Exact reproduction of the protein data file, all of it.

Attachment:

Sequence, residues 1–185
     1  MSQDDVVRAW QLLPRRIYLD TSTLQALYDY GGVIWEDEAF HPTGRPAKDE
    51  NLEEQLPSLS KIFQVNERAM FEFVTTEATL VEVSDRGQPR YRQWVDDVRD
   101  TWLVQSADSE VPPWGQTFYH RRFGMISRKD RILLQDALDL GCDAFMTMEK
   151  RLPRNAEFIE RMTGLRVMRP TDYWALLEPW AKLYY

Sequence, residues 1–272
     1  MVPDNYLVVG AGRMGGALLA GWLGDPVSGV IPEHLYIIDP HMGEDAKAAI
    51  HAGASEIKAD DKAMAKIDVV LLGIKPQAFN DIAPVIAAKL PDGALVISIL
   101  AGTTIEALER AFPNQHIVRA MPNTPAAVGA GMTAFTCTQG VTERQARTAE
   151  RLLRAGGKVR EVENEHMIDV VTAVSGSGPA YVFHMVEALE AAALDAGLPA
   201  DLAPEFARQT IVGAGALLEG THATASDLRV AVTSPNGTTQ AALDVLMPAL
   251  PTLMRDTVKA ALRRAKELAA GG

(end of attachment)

Sequence, residues 1–185
     1  MSQDDVVRAW QLLPRRIYLD TSTLQALYDY GGVIWEDEAF HPTGRPAKDE
    51  NLEEQLPSLS KIFQVNERAM FEFVTTEATL VEVSDRGQPR YRQWVDDVRD
   101  TWLVQSADSE VPPWGQTFYH RRFGMISRKD RILLQDALDL GCDAFMTMEK
   151  RLPRNAEFIE RMTGLRVMRP TDYWALLEPW AKLYY

Sequence, residues 1–272
     1  MVPDNYLVVG AGRMGGALLA GWLGDPVSGV IPEHLYIIDP HMGEDAKAAI
    51  HAGASEIKAD DKAMAKIDVV LLGIKPQAFN DIAPVIAAKL PDGALVISIL
   101  AGTTIEALER AFPNQHIVRA MPNTPAAVGA GMTAFTCTQG VTERQARTAE
   151  RLLRAGGKVR EVENEHMIDV VTAVSGSGPA YVFHMVEALE AAALDAGLPA
   201  DLAPEFARQT IVGAGALLEG THATASDLRV AVTSPNGTTQ AALDVLMPAL
   251  PTLMRDTVKA ALRRAKELAA GG